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Everything You Need to Know About August's Sturgeon and Blue Supermoons

Get out your binoculars, because August boasts not just one, but two supermoons!

By Cassidy Ward
David Naughton as David Kessler in An American Werewolf in London (1981).

The 1997 horror comedy An American Werewolf in Paris (streaming now on Peacock) follows the tourist Andy McDermott (Tom Everett Scott) on an unplanned journey... not through the streets of France, but through the supernatural.

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Being a werewolf wouldn’t be all bad. Sure, you transform into a bloodthirsty monster bereft of any human emotion, but only once a month when the Moon is full. Unless, of course, it’s this month. In August, stargazers will have an opportunity to see two supermoons on August 1 and August 30, 2023.

What Do the Moon Names Mean?

It seems like every few weeks we’re presented with a “once in a lifetime” opportunity to glimpse some new version of the Moon we’ve never heard of. In August 2023, we’re getting two such moons: the Sturgeon Supermoon and a Blue Supermoon.

The Moon

Keeping a handle on all of the lunar identities out there can be a struggle, but it helps to know that these names are really just combinations of a few common terms. Let’s take a moment to define some terms so that all of this will make a bit more sense.

Full Moon: This one is pretty straightforward. Roughly half of the Moon is illuminated by the Sun at any given time, but we’re not always looking at the Moon’s day side. When the side facing the Earth is fully illuminated, we call that a full Moon.

Blue Moon: You’ve probably heard the phrase “once in a blue Moon” referencing something which only occurs every once in a while. Well, it turns out that “once in a blue Moon” isn’t actually all that rare. A blue Moon refers to anytime there is a second full Moon within the same calendar month. Because the lunar month is shorter than (most) calendar months, this happens at pretty regular intervals, roughly every 33 months.

Supermoon: The Moon orbits the Earth at a distance of roughly 382,500 kilometers (238,000 miles), but that distance isn’t static. It changes over time, thanks to the Moon’s slightly elliptical orbit. It swings back and forth between 405,000 kilometers (252,000 miles) at its farthest point and 360,000 kilometers (224,000 miles). Because apparent size is a product of actual size and distance, that means the Moon looks smaller or larger, depending on where it is in its orbit. When it’s at or near its closest point and full at the same time, we call that a Supermoon.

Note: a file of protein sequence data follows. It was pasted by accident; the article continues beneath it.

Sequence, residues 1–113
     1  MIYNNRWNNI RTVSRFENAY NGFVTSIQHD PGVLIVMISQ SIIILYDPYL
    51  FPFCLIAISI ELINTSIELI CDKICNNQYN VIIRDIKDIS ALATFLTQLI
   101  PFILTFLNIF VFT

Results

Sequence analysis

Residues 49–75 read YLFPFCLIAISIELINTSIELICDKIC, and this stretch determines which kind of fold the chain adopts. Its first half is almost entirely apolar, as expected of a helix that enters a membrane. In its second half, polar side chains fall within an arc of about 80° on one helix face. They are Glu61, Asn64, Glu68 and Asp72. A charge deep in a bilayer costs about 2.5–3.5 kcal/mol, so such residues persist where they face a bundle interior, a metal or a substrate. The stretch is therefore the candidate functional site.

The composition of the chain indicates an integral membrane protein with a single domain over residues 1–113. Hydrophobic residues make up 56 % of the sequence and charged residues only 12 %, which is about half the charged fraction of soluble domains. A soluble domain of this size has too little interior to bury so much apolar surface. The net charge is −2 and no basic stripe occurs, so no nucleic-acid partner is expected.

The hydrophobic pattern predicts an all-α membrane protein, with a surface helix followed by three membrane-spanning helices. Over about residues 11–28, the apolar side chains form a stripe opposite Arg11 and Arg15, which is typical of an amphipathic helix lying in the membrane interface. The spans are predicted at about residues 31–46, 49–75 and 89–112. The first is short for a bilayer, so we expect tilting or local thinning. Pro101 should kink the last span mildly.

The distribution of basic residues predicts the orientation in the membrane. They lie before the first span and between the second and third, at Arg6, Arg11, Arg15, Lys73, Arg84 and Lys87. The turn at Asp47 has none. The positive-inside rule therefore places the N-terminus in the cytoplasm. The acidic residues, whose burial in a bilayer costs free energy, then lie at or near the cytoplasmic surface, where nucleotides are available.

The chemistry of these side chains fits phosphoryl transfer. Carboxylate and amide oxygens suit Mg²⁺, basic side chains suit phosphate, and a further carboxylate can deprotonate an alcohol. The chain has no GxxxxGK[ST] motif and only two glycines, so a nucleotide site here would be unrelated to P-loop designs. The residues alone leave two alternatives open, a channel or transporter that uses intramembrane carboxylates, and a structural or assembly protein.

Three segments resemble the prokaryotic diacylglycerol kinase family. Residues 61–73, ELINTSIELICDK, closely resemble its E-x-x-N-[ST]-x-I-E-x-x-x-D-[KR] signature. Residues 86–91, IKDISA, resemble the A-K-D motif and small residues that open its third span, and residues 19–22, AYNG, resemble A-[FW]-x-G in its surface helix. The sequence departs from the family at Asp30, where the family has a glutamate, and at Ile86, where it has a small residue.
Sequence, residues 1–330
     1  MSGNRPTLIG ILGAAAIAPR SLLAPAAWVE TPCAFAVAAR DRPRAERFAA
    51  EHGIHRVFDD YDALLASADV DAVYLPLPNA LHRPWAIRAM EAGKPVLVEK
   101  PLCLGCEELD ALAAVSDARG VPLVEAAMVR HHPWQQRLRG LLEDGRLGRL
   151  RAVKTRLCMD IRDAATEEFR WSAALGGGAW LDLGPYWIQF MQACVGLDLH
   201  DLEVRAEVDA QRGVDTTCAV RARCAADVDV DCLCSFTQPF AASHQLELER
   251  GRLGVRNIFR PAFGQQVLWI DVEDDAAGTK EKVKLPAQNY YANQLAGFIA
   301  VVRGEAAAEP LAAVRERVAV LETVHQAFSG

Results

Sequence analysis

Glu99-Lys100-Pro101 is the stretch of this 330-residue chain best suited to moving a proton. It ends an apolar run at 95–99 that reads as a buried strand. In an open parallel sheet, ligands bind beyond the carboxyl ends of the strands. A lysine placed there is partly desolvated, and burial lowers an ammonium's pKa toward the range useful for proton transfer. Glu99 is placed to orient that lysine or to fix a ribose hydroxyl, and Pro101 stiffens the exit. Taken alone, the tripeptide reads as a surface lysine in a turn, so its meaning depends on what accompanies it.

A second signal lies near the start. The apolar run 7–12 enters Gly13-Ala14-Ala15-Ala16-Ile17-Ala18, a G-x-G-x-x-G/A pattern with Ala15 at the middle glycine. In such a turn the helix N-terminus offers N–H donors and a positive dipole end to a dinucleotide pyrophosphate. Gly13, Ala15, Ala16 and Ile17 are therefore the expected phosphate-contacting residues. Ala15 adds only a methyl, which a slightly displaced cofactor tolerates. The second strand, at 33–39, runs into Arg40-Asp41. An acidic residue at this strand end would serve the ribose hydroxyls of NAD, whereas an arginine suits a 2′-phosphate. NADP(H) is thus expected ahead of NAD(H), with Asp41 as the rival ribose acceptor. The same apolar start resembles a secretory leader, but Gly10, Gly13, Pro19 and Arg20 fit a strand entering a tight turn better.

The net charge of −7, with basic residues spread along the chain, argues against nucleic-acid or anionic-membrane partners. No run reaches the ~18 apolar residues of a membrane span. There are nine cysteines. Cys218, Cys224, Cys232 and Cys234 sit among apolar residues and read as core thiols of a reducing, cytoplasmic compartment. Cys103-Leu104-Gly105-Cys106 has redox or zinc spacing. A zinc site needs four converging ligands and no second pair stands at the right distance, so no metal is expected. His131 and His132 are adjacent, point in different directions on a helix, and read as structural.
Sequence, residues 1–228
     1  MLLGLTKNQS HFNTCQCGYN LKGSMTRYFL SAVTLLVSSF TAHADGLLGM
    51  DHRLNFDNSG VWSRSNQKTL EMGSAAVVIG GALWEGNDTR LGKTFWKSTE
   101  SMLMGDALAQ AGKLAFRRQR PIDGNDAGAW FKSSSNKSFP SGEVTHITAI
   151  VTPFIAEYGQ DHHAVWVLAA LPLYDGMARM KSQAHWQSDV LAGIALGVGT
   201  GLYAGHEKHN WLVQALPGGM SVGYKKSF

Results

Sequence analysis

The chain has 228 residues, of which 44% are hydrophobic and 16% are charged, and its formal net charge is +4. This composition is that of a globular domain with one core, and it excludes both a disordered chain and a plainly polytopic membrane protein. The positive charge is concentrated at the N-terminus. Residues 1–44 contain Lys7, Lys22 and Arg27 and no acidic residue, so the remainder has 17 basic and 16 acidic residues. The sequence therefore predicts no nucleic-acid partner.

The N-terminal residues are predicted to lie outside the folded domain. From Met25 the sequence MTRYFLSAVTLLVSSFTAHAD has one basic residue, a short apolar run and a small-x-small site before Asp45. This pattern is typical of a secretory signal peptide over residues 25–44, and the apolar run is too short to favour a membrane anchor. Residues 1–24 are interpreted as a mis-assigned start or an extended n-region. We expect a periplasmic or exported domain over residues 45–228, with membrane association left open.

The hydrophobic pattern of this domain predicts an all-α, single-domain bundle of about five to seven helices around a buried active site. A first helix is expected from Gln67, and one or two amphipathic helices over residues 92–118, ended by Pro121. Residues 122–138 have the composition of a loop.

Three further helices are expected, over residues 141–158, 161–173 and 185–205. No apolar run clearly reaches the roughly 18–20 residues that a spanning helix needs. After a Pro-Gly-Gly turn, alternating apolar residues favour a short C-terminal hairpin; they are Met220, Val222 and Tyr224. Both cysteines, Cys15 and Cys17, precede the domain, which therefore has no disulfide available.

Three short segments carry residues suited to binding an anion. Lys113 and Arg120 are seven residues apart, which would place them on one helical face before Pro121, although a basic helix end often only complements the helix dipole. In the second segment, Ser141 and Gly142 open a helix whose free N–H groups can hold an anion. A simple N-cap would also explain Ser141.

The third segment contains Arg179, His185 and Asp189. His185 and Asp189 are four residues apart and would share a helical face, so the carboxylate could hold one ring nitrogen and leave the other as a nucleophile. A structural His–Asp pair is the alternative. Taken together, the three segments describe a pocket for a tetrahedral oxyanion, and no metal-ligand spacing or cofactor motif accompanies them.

Sturgeon Moon: This is the weirdest one and the one you’d be most forgiven for being confused about. Isn’t a sturgeon a fish? And what does that have to do with the Moon being full? Really, all that means is that it’s the full moon in August. Throughout history, different cultures have given names to the full Moon throughout the year, usually tied to some other event. May’s full Moon, for instance, is called the Flower Moon, because of the spring blooms occurring around the same time. August’s is called the Sturgeon Moon because of its relationship to historical fishing seasons.

Mash those all together and you end up with some confusingly named astronomical events.

August’s Two Supermoons

Moon and Earth

The next full Moon is waiting until just after the calendar flips over before coming out. The Moon will be full on August 1, 2023 at the same time it’s nearing the closest point of its orbit. In the Northern Hemisphere, it will reach peak illumination during the day, but will still be plenty bright by the time it rises over the night sky. Because the Moon will be full in August, and be near its closest approach with Earth, we’re calling it the Full Sturgeon Supermoon.

As the month comes to a close, we’ll get another full Moon on August 30. Because it’s the second one in August, it doesn’t get a fancy name like Sturgeon Moon, but it does get the even rarer moniker of a blue Moon. The Moon will once again be near its closest orbital position, giving us a second Supermoon in the same calendar month.
Despite the name, blue Moon’s don’t actually exhibit any particular color change. For that, you’ll have to wait for the next full lunar eclipse. When the Earth’s dark shadow covers the Moon, only light from the redder part of the spectrum gets through, painting the Moon crimson. Mark your calendars for the next complete lunar eclipse, March 14, 2025.

In the meantime, catch the upcoming Supermoons and be wary of werewolves. An American Werewolf in Paris is streaming now on Peacock!